Some people here seem upset, others fascinated. But one emotion seems to unite all: anger. I know it was my overriding response as I listened to witnesses describing how a dozen people deliberately leaped to their deaths from the World Trade Center, in order to escape the blaze. Rage was preeminent as I watched Palestinians cheer in the streets in joy, as innocent Americans died in the largest suicide-bomber attack on innocents and noncombatants in human history. And fury was all I had for Peter Jennings as he seemed to defend the anti-American revelers, even as they celebrated this attack.
Of course, our first priority must be to help those in need, be they victims or families of victims. But after that, the next priority is equally obvious: controlled rage and determined, furious anger. The Jenningses of the world will find a chorus, no doubt — in the respectable pages of the New York Times and elsewhere — agreeing that this is “not a time for anger” and that “vengeance is not the answer.” We will be told how complicated the many factors are which led to this act of war. I’ve no doubt that the complexities of the context are great, as they were before Pearl Harbor. But the answer to this event is simple, as was the answer to Pearl Harbor. Punishment: swift, severe, and public.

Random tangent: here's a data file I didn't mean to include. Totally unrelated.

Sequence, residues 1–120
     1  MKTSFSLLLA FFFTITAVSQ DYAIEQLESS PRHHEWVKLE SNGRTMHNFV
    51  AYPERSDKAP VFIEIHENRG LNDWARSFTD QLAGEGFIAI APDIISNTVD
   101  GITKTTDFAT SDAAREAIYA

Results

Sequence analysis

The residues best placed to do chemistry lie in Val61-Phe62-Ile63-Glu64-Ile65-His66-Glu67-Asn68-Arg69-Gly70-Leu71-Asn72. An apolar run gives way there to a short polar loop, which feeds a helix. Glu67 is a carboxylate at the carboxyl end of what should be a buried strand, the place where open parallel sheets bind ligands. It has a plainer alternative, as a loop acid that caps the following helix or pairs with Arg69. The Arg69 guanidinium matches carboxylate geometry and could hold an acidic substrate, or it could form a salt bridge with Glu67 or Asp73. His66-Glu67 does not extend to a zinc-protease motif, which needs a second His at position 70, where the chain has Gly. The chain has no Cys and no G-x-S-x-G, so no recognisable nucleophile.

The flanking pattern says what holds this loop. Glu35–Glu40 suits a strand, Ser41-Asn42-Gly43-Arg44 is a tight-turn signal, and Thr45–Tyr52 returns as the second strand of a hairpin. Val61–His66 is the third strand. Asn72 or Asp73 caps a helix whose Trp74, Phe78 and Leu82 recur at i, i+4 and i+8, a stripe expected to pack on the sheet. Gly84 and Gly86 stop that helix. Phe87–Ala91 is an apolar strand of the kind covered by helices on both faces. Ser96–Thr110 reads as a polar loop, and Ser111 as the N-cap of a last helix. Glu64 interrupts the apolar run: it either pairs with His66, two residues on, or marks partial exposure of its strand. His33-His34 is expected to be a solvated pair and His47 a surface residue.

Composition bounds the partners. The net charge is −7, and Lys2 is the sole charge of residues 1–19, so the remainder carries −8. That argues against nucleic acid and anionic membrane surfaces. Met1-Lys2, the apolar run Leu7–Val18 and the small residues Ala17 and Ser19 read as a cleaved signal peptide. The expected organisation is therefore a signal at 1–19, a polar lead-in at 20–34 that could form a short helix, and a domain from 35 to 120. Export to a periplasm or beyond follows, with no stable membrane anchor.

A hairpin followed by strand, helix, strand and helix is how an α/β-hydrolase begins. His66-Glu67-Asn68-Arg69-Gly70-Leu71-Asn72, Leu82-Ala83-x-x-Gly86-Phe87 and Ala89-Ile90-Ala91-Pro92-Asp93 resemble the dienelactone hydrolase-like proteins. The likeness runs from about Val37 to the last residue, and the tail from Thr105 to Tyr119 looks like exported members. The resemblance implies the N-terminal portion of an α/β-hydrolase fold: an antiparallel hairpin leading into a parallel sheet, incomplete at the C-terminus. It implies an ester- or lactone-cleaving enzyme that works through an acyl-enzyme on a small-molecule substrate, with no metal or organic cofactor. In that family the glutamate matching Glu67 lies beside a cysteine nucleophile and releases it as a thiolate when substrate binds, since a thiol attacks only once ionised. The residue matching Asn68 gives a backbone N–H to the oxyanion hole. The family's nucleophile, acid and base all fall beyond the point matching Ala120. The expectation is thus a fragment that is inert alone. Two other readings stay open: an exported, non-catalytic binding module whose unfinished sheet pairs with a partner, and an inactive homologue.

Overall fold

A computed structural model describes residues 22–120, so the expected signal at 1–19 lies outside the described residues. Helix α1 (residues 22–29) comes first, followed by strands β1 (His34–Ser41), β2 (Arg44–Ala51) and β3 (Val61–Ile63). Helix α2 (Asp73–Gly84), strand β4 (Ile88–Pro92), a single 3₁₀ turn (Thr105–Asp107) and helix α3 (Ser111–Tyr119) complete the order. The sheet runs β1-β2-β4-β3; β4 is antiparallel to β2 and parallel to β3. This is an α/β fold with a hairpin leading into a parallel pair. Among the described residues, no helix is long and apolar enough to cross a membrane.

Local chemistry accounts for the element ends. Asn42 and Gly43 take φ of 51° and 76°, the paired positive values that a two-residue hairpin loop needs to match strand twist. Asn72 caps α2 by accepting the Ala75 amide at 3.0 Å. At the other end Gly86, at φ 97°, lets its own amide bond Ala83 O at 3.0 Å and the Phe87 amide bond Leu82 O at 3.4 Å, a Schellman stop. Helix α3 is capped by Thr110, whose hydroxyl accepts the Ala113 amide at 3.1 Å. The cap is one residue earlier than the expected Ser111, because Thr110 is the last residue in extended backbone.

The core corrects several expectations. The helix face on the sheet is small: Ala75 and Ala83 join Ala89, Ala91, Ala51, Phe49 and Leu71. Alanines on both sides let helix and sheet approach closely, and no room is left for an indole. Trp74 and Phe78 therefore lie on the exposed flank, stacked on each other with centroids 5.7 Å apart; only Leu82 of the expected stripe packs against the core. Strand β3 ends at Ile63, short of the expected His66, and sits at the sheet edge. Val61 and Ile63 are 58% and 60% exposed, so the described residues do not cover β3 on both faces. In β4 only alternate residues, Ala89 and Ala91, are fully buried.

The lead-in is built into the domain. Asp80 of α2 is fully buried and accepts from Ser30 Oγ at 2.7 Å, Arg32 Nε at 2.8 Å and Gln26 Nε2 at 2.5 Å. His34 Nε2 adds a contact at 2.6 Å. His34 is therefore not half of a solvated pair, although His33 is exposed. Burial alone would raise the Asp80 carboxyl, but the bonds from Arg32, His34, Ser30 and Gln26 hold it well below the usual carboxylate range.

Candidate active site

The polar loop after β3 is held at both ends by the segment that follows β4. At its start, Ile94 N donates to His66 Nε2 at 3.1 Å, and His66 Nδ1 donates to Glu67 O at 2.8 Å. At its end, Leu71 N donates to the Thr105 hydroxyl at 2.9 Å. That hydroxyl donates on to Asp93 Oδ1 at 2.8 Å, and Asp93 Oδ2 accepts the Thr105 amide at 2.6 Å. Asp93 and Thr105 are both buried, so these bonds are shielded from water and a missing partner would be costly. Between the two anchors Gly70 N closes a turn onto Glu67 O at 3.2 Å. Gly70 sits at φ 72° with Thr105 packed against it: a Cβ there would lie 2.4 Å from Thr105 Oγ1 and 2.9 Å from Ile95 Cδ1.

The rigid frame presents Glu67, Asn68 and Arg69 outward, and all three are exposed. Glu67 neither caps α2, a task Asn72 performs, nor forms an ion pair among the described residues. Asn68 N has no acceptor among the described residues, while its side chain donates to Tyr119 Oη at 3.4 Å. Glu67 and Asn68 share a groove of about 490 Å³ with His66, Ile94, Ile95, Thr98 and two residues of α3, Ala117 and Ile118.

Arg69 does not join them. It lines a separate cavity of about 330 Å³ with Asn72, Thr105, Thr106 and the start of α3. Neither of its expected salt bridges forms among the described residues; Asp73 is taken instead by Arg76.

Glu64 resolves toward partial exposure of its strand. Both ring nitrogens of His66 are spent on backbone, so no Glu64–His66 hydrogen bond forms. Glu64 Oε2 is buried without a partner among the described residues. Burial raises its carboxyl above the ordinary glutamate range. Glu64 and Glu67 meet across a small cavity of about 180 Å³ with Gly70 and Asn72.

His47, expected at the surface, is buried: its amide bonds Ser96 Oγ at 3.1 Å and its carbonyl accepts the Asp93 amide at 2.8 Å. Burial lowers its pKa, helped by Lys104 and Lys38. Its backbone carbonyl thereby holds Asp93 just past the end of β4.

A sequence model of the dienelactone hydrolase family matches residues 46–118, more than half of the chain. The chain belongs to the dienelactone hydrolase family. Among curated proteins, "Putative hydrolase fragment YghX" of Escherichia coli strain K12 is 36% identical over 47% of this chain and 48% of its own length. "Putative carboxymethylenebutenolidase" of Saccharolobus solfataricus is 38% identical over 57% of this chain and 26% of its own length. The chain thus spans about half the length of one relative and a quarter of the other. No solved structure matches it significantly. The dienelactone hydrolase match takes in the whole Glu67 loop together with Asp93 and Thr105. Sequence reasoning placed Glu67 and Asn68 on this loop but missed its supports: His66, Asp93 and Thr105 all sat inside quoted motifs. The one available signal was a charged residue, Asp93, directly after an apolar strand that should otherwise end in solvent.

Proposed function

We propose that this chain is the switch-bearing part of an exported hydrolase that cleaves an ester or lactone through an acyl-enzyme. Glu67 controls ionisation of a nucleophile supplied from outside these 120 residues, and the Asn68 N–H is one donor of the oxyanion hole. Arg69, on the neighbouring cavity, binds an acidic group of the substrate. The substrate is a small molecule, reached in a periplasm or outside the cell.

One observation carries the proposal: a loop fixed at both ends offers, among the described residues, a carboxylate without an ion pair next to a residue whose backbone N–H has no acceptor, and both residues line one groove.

This was an act of war, and we must force the world to choose sides: Are you with us, or with those who did this to us? Decide now. There is no middle ground. There are no other squares on the board. What was once complicated is now simple.
America is up to the task. Indeed, as the echoes of partisan shrieking over the budget and the absurdities of the Social Security lockbox fade quickly in the face of a real challenge, I’m reminded of the observation (by Eugene McCarthy, I think), that “America can choke on a gnat, but it can swallow tigers whole.” We’ve been choking on gnats for the last few months. It’s time to devour some tigers, and without apology.
That, at least, is how it seems to me, here in Pendleton.